Former Montessori charity boss jailed for stealing £180,000

The former head of the UK’s largest Montessori network defrauded the charity of more than £180,000 over the course of seven years.

Philip Bujak, the former CEO of the Montessori St Nicholas charity, was sentenced to six years in prison on Friday for misusing a company credit card, filing false invoices and secretly taking a cut of the proceeds from the sale of a property in central London.

Bujak, 58, of Chelwood Gate, Haywards Heath, was found guilty of three counts of fraud by false representation, one count of conspiracy to defraud and one count of fraud by abuse of position.

As the CEO of the charity he was able to control everything and went to considerable lengths to conceal these frauds

The Montessori St Nicholas network counts nearly 700 nursery and primary schools and 4,000 individuals among its members. The membership is largely made up of early years provision, but also includes 21 primary schools.

Montessori schools are named after Dr Maria Montessori, who supported a child-centred approach to education. Most schools do not have year groups or assessments, and there is a focus on teaching practical life skills.

The City of London Police fraud squad said Bujak requested a company credit card shortly after joining the charity in 2003, which he used to pay for personal stays at hotels and – on one occasion – to pay for a facial.

In 2013, the charity’s accountant became suspicious and reported his credit card use to trustees. In November 2014, After an internal investigation discovered he had committed fraud against the charity, Bujak was dismissed and his actions were reported to the police.

Between 2012 and 2013, Bujak submitted three invoices totalling £4,105 that he claimed were for restoration of artwork owned by the Montessori network. However, the invoices were doctored, and the original invoices showed the restoration was for his own personal art collection which included several watercolours of warships.

After investigating all invoices approved by Bujak, the police discovered the charity had been overcharged more than £60,000 for printing supplies.

Officers searched the home of the owners of printing company Abbey Printers in Devon, where Montessori had spent over £618,000 in the seven years leading up to 2014. They found emails and handwritten notes on printing designs showing money being added onto invoices for Bujak, and discovered that he and the printing owners used code words to discuss inflated invoices.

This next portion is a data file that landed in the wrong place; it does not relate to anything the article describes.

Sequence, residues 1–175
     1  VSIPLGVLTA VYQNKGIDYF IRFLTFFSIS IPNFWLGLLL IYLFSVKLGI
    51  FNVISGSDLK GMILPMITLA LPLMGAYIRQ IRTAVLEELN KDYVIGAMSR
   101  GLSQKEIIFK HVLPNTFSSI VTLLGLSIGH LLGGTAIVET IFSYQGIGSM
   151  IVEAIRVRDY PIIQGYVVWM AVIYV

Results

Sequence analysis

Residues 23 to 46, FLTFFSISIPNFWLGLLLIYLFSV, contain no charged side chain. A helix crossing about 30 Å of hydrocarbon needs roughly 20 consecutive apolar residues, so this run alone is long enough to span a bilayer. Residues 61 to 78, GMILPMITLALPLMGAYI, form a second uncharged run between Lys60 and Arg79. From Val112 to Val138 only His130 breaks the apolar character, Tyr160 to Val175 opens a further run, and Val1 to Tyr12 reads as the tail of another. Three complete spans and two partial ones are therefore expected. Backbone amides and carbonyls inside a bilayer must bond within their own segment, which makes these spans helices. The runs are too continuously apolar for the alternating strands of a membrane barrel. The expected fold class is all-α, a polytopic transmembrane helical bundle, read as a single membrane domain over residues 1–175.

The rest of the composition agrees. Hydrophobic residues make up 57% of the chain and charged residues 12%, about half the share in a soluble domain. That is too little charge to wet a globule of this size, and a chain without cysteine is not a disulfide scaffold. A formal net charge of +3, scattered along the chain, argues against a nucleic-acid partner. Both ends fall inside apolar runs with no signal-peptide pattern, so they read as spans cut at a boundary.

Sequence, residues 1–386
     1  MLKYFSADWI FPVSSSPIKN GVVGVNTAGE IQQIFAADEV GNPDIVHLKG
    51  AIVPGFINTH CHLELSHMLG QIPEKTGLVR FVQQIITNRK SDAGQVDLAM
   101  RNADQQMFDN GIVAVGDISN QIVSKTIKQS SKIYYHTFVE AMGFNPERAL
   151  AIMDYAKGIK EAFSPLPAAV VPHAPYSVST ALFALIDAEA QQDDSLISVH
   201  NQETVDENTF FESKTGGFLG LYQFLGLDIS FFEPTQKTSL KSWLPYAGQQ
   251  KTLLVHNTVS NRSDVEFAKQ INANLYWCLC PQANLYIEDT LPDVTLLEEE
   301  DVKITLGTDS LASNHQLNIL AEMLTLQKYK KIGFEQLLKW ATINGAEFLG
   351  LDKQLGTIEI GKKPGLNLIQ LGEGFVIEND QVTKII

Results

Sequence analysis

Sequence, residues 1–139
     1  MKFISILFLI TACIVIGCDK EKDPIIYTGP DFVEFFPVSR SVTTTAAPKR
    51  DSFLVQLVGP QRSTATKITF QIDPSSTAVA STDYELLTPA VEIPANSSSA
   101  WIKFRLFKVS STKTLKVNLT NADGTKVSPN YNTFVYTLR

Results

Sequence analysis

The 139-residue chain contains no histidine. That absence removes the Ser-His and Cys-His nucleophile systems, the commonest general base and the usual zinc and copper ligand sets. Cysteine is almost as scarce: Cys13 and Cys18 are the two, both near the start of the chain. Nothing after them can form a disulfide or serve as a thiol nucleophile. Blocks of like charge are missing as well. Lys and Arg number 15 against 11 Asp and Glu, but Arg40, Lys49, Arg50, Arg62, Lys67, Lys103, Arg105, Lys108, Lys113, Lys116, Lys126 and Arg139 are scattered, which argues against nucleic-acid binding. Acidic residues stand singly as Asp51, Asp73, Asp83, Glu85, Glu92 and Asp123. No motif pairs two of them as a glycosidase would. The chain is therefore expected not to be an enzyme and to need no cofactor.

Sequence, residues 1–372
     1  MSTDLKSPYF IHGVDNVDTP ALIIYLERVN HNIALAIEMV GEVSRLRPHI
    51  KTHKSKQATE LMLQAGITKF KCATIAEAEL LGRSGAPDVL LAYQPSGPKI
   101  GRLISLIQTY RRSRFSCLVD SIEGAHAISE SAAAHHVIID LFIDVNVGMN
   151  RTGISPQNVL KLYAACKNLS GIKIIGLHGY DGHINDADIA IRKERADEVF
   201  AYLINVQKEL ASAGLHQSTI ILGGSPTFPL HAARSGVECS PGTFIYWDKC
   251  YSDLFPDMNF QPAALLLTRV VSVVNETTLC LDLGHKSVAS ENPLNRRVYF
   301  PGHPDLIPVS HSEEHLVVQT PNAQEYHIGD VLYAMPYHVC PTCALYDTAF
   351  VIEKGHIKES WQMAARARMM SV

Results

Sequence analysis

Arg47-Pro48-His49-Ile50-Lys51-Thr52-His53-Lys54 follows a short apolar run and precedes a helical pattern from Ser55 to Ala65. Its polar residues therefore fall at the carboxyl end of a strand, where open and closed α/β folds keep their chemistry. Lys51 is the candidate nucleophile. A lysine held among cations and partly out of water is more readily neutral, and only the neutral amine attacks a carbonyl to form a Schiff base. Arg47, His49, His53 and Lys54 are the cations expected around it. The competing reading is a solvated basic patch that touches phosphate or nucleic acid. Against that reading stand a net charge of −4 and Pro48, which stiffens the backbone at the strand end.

This meant Bujak could take a cut of the money paid to the printers and pay for personal printing using the charity’s money. One invoice related to wedding invitations and orders of service for his own wedding in 2013.


Between 2009 and 2011, Bujak appointed a company called Foris Fortuna Ltd to sell a property owned by Montessori in Knightsbridge. The company was paid a two per cent commission for selling the property in Princes Gate, amounting to over £350,000. Bujak agreed with Foris Fortuna that he would receive a secret payment of £100,000.

The £350,000 included more than £50,000 of VAT, but the company had not registered for VAT and did not pay it.

Bujak stood two separate trials at Southwark Crown Court, one for the credit card and printing fraud, and another for the property sale.

Following the first trial, which ran for six weeks from March, he was found guilty of conspiracy to defraud and three counts of fraud by false representation and sentenced to six years in prison.

At the second trial, Bujak was convicted of fraud by abuse of position and sentenced to separate three year and 18 month sentences to run concurrently with his six year term.

Adrian Dugdale, 46, from Leamington Road Villas, Notting Hill, received an 18 month suspended sentence for his part in the VAT fraud and was ordered to pay back £52,000 in VAT.

Jacqui Owen, the investigator who led the case for the City of London Police, said Bujak had “abused his position of trust.”

“As the CEO of the charity he was able to control everything and went to considerable lengths to conceal these frauds. He worked together with his friends to pull the wool over the eyes of the charity.

“The City of London Police has worked tirelessly with the charity to investigate this case and make sure that Philip Bujak was brought to justice and made to realise the sheer immorality of his crimes.”

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